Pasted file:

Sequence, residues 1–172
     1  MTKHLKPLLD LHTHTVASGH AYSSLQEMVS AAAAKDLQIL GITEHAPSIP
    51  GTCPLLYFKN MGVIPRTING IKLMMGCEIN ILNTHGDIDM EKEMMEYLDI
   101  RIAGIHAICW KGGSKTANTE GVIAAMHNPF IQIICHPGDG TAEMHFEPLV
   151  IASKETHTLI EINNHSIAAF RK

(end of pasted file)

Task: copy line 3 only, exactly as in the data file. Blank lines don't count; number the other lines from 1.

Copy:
    51  GTCPLLYFKN MGVIPRTING IKLMMGCEIN ILNTHGDIDM EKEMMEYLDI